Banbury Crossroads Independent School

1,056 views
918 views

Published on

Banbury Crossroads Independent School is a school based on the “Open Education” or “Integrated Day“ method, which originated in the Modern British Infant Schools. It began in 1979 and we are celebrating our 30th year.

Banbury Crossroads is located in Calgary, Alberta, Canada and we are online at www.banburycrossroads.com.

Published in: Education
0 Comments
0 Likes
Statistics
Notes
  • Be the first to comment

  • Be the first to like this

No Downloads
Views
Total views
1,056
On SlideShare
0
From Embeds
0
Number of Embeds
42
Actions
Shares
0
Downloads
7
Comments
0
Likes
0
Embeds 0
No embeds

No notes for slide

Banbury Crossroads Independent School

  1. 1. Banbury Crossroads Independent School Calgary, Alberta
  2. 2. <ul><li>Banbury Crossroads Independent School is a school based on the “Open Education” or “Integrated Day“ method, which originated in the Modern British Infant Schools. It began in 1979 and we are celebrating our 30 th year. </li></ul>
  3. 3. <ul><li>Banbury Crossroads Independent School is based upon the institution and values of the family, rather than the factory. </li></ul>
  4. 4. <ul><li>We trust in the innate curiosity that lies at the heart of all human beings to spur learning within our students. </li></ul>
  5. 6. We treasure children as respected and trusted individuals, and meet their diverse needs in a safe, familial setting. Our goals are to individualize and humanize learning.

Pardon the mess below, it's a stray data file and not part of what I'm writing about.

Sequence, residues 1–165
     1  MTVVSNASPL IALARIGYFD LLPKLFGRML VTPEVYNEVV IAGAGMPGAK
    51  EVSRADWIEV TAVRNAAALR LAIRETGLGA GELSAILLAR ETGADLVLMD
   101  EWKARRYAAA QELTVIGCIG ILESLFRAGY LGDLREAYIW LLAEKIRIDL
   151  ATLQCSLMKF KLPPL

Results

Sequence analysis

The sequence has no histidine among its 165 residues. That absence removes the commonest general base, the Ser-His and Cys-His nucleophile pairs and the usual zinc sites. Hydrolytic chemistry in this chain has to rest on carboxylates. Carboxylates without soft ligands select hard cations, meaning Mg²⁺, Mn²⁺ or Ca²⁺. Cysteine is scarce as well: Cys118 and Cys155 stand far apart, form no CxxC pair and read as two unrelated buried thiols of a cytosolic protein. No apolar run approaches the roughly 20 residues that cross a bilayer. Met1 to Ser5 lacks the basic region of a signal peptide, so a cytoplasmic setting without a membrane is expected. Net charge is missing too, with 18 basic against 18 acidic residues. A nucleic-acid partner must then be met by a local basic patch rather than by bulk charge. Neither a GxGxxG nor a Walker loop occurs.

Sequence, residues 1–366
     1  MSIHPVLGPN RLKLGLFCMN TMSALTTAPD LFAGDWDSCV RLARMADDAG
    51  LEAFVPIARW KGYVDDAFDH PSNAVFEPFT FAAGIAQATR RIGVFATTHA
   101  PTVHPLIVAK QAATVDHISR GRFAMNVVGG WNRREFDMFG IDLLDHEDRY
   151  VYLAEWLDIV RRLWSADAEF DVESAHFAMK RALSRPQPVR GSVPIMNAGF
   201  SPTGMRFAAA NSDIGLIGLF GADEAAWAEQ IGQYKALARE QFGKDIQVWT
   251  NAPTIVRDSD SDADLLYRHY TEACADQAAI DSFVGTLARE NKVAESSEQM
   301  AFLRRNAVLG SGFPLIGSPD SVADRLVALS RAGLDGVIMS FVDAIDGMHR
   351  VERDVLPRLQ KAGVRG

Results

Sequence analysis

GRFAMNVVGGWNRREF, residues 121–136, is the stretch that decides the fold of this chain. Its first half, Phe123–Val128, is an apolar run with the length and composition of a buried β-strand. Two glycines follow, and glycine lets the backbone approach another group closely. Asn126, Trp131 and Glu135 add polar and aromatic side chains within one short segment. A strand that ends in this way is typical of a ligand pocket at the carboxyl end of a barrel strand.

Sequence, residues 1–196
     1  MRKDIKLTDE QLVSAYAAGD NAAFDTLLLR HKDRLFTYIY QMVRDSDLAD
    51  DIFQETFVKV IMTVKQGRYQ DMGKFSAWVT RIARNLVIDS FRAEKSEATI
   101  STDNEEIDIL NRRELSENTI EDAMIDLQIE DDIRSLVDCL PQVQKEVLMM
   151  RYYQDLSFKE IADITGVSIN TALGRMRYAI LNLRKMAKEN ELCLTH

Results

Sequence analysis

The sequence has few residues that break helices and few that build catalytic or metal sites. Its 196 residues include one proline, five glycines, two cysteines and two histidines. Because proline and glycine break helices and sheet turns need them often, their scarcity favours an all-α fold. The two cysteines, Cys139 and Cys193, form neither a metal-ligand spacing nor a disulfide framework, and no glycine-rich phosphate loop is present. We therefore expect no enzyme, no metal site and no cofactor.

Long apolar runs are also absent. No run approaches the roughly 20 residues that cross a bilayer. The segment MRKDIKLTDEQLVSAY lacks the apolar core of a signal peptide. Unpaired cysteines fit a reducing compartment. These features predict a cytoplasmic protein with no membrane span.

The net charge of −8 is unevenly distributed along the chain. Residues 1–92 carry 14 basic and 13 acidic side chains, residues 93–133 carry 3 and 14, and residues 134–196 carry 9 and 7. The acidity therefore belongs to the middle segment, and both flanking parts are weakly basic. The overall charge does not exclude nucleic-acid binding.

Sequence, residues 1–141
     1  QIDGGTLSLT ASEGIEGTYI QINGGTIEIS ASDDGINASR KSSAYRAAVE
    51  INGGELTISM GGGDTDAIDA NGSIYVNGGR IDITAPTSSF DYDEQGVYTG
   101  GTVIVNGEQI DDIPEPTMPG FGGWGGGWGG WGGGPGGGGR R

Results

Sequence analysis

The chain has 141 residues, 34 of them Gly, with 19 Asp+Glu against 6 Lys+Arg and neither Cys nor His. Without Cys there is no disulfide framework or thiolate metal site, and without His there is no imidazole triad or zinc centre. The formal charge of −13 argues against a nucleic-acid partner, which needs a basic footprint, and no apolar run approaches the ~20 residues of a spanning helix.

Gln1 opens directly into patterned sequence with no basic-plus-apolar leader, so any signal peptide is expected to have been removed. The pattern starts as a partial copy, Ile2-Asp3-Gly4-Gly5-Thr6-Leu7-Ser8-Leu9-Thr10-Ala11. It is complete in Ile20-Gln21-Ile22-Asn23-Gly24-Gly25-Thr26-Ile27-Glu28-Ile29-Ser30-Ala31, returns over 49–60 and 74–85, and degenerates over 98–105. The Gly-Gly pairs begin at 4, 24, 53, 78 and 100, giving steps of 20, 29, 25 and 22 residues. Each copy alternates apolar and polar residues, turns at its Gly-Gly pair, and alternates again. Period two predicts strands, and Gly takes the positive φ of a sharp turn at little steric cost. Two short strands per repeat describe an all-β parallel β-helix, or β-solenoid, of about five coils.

6. 7. We want teachers and students to create meaningful relationships, so that students experience what it feels like to have teachers who really care about their learning.
  7. 8. One aid to our accomplishing these many goals is our small pupil-teacher ratio, which is approximately 10:1.
  8. 10. The ultimate of learning occurs under conditions of the ultimate of relaxation combined with the ultimate of concentration.
  9. 11. Our setting provides small, comfortable and peaceful rooms divided into functional areas. The environment is rich in learning resources, including concrete materials, books and other media.
  10. 12. Teachers are mentors and role models.
  11. 13. This is a tutorial method of instruction, not lecture method. The focus is on learning, not teaching.
  12. 14. Teachers and assistants work generally with individuals or small groups, rarely presenting the same material to the whole class.
  13. 15. The relationship between learner and teacher/guide/agent is one of dual power. Both need to contribute to the decision-making process for optimal learning to occur.
  14. 16. Personal development and learning to mastery are valued goals, in keeping with each student’s unique abilities, learning style, motivation and interests.
  15. 17. The method is inquiry-based and project-oriented across the grades, where “project” means an activity that has a purpose or goal.
  16. 19. The acquisition of basic skills is incidental with such project work, for skills in reading, writing, math and science are seen as obvious necessities in our complex, technological, media-laden era.
  17. 20. These skills are acquired concept by concept, with or without formal instruction, at a time that is personally relevant to the individual student. This is a flexible and reasonable means of transferring basic skills to children.
  18. 21. In the Elementary grades, subjects are integrated in the children’s learning activities. They are free for much of the time to explore the environment, to choose their own activities, as well as where and with whom to pursue them.
  19. 22. On the Senior side, students set their own schedules with the help of mentor teachers, adjusting them to fit their own needs. There are no bells…like in the rest of life.
  20. 23. Since the purpose of education is to teach learners about the world, we do not keep our students within our walls at all times. We take them out.